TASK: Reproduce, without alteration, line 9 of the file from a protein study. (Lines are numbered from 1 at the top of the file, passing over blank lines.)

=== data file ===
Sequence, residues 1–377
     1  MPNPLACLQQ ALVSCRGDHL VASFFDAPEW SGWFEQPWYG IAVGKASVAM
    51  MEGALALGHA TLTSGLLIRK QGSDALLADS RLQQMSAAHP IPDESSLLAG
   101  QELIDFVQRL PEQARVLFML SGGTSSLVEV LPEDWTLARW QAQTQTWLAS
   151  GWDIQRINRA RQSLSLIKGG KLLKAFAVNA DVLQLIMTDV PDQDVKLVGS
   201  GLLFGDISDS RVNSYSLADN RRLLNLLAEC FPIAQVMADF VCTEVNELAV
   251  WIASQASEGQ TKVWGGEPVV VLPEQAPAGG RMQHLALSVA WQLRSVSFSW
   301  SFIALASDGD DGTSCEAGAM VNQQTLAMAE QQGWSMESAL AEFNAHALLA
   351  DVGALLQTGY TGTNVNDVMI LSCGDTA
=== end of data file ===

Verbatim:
   351  DVGALLQTGY TGTNVNDVMI LSCGDTA